Museum

Here’s what’s inside the TSA Museum

A lot of people were surprised to learn that there’s a TSA Museum inside TSA headquarters. Here’s a look at what’s inside:

 

An original handheld metal detector used by TSA at Washington Reagan National Airport in 2002.

 

A metal detector which screened hijackers on the morning of September 11th.

This flag was flying over Terminal B at Boston Logan Airport when the airport was federalized in 2002. American Airlines Flight 11 left from Gate 32 in this terminal on September 11th.

 

The first uniform issued to TSA federal screeners beginning in 2002.

 

TSA has a museum? Yup, it does.

I’m finishing up a book about museums and the things they can’t or don’t show to the public, so was delighted to learn that the TSA has a museum that’s off limits to the general public because it’s inside TSA headquarters (which is off-limits to the general public) and because the intended audience for the museum is not the public, but the 50,000 or so people who work for that agency.

The TSA Museum at TSA headquarters

TSA and many of its employees give the public many reasons to question and mistrust the work that they do, and I’ve had the opportunity to do plenty of those stories, but this story is simply about a museum that few people know about (including museum program managers at some other government agencies) and the stuff that’s in it.

You can see the full story about the TSA museum in my At the Airport column on USATODAY.com, along with comments from a few people who think I’m a bad person for spending 800 words reporting the fact that there is such a museum and getting details and photos to share about what’s on display inside. 

 

Museum Monday: Celebrating the black leather jacket

This black leather jacket that Elvis Presley bought from J.C. Penney is one of more than 50 classic black leather jackets on display at the Harley-Davidson Museum. Photo courtesy of the museum.

Today it’s an icon in pop culture and fashion, but the black leather jacket was originally a utilitarian piece of clothing designed to protect travelers.

“In the early part of the 20th century, whether you were flying a plane or driving a motorcycle or a horseless carriage, everything had an open cockpit. So the idea of leather being an appropriate material for transportation gear emerged early on,” said Jim Fricke, curatorial director at the Harley-Davidson Museum in Milwaukee, Wis.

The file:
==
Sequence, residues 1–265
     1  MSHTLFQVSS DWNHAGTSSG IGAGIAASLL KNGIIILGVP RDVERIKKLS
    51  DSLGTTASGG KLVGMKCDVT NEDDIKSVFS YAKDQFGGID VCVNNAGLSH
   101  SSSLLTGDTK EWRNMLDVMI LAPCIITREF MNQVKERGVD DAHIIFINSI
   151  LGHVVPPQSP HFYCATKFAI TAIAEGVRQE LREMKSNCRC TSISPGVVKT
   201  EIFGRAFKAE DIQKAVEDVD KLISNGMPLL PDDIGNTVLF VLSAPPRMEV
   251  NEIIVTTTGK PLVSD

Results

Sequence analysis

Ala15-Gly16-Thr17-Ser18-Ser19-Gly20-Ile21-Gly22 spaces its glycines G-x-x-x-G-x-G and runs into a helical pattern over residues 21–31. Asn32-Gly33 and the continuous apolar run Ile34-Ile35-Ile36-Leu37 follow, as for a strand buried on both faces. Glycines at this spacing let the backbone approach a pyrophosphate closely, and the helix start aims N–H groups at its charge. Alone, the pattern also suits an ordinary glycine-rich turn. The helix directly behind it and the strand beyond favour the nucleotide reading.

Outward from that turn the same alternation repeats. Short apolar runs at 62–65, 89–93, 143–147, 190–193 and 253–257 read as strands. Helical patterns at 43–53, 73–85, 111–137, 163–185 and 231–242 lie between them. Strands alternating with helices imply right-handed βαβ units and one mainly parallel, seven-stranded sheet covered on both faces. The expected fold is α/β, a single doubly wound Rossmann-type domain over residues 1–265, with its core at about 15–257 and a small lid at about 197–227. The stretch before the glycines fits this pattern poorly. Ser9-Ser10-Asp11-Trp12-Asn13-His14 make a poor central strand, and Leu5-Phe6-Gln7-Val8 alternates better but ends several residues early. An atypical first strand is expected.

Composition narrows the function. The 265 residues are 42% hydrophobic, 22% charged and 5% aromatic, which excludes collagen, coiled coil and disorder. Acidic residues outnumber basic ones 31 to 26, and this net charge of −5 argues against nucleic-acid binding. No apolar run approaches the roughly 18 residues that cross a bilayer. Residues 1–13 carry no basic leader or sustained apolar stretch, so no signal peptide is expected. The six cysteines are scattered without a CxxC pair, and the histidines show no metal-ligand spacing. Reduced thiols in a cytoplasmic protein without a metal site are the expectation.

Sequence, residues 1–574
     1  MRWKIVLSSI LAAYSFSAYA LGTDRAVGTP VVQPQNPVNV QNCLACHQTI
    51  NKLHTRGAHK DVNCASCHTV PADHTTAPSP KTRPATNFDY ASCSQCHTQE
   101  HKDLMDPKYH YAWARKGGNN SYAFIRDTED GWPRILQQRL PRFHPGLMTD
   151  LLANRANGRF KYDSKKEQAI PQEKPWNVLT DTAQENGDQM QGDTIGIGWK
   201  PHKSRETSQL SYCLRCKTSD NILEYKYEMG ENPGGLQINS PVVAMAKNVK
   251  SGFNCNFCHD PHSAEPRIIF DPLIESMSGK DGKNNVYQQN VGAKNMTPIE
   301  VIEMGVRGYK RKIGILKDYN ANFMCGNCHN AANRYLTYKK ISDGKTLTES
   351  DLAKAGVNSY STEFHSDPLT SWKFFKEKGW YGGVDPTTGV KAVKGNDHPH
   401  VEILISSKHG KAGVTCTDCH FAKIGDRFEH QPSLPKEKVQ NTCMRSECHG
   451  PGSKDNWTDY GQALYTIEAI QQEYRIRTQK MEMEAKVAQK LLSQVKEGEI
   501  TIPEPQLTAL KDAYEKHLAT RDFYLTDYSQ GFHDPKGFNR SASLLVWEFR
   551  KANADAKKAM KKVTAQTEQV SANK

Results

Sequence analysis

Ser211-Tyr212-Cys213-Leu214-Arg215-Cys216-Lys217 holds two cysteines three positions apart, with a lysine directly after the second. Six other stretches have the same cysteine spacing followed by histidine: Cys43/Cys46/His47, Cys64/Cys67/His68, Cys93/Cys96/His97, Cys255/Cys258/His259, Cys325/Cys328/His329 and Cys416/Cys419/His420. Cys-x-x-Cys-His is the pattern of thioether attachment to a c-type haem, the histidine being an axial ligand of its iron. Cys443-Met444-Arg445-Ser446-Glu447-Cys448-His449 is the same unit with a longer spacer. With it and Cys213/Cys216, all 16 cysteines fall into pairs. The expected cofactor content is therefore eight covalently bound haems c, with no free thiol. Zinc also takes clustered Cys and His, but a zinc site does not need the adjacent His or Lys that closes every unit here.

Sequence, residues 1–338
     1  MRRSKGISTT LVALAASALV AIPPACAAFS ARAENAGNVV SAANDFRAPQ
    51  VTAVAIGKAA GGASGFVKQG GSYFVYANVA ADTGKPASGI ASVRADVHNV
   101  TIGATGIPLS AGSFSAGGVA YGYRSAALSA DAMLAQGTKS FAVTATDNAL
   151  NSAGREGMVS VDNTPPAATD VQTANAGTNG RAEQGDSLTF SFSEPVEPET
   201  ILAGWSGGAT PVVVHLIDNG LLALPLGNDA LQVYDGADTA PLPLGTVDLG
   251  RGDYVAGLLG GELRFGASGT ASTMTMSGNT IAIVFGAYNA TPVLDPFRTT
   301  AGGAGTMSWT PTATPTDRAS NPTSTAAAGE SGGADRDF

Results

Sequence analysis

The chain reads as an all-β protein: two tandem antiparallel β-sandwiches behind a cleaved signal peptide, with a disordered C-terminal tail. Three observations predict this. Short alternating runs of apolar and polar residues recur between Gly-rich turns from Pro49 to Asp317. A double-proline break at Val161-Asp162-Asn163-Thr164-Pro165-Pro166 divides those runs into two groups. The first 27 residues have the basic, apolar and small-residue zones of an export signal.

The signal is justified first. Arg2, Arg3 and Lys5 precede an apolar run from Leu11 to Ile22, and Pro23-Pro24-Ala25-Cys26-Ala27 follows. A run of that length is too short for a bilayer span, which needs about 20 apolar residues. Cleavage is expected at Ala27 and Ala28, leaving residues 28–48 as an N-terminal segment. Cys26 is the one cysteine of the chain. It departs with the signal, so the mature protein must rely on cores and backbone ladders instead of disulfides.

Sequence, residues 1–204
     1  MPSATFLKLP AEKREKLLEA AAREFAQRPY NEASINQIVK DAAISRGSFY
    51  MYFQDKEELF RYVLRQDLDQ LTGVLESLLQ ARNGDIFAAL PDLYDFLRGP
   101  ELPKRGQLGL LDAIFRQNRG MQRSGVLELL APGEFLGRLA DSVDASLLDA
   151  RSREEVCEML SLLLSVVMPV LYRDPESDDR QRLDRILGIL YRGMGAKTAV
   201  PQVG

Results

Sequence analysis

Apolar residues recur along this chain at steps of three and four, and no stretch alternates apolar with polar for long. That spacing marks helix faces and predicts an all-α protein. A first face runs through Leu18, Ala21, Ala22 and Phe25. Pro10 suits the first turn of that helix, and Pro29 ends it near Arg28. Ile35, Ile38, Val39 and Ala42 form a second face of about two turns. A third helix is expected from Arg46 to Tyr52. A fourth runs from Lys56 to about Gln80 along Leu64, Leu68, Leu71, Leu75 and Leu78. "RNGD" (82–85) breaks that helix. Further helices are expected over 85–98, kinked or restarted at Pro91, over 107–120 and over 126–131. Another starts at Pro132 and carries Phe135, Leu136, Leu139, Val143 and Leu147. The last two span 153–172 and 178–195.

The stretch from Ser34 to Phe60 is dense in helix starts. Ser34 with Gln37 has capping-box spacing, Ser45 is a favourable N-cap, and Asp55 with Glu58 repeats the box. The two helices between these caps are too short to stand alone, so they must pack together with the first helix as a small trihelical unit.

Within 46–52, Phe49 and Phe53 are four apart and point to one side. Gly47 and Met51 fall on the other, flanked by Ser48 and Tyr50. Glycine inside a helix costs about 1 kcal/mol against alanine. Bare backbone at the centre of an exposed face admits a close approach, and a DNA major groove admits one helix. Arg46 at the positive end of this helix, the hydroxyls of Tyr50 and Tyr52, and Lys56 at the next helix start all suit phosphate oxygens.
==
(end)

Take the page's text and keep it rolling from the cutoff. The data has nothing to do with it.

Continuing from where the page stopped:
Early airplane pilot in black leather jacket. Courtesy Library of Congress

The museum’s newest exhibit is “Worn to be Wild: The Black Leather Jacket,” which runs through Sept. 3. More than 100 artifacts are on display, including dozens of jackets worn by celebrities and pop culture icons as well as leather jackets from fashion houses such as Jean Paul Gaultier and Gianni Versace. The exhibit also uses a wide variety of motorcycles, photographs, film footage, literature, advertisements and music to explore how this single article of clothing became such an iconic object in popular culture.

During World War I and II, pilots were photographed looking dashing in their leather bomber jackets, but the public’s fascination with the zippered, wind-protecting garment soared in the 1950s, when Hollywood got hold of it.

“It happened because of the movie ‘The Wild One,’ when Marlon Brando played a motorcycle gang member and wore one of our black leather jackets,” said Jason Schott, COO of Schott Bros. clothing manufacturer and great-grandson of Irving Schott, who is credited with making the first zippered leather motorcycle jacket in 1928.

Brando’s bad-boy image seemed cool, so people wanted that jacket. But because the jacket was associated with hoodlums and juvenile delinquency, many schools tried to ban it.

At the time, leather jackets were considered one way to identify juvenile delinquents, said Fricke, who included memos from an Ohio school district in the new exhibit.

“That made people want it even more,” said Schott. “The jacket just became synonymous with the rugged bravado that Americans seemed to embody.”

Despite a lull during the hippie era in the 1960s, Fricke said, the black leather jacket has maintained its role as the uniform of youthful rebellion and has been seen on everyone from James Dean and Elvis Presley to the Ramones and Bruce Springsteen.

A leather outfit worn by Arnold Schwarzenegger in “Terminator 2” and leather jackets worn by musicians and celebrities such as Fergie, Gene Vincent and Michael Jackson are among items on display. The exhibit also reunites the Harley Davidson motorcycle bought by a 21-year-old Elvis Presley in 1956 with the motorcycle jacket he bought a few years later, from J.C. Penney.

After leaving Milwaukee, “Worn to be Wild” will move to Seattle’s EMP Museum, home of some of the music and science-fiction artifacts included in the show, and will run from October 2012 through February 2013.

If you’re flying to Milwaukee, you’ll arrive at Milwaukee County’s General Mitchell International Airport, which provides free parking for motorcycles and a Harley Davidson shop. Here’s a link to the airport guide for General Mitchell International Airport that is part the 50 airport guides I maintain for USATODAY.com.

My story: Worn to be Wild: Celebrating the black leather jacket first appeared on msnbc.com’s Overhead Bin.

Museum Monday: Liverpool John Lennon Airport

On Saturday, October 9th, fans around the world will mark what would have been John Lennon’s 70th birthday.

One place they remember Lennon year-round is at the Liverpool John Lennon Airport:

Outside the airport, they’ve got this Yellow Submarine:

Inside the airport, there’s a statue of John Lennon

Johh Lennon Statue liverpool Airport

Song lyrics written by John Lennon

And even some of this suits: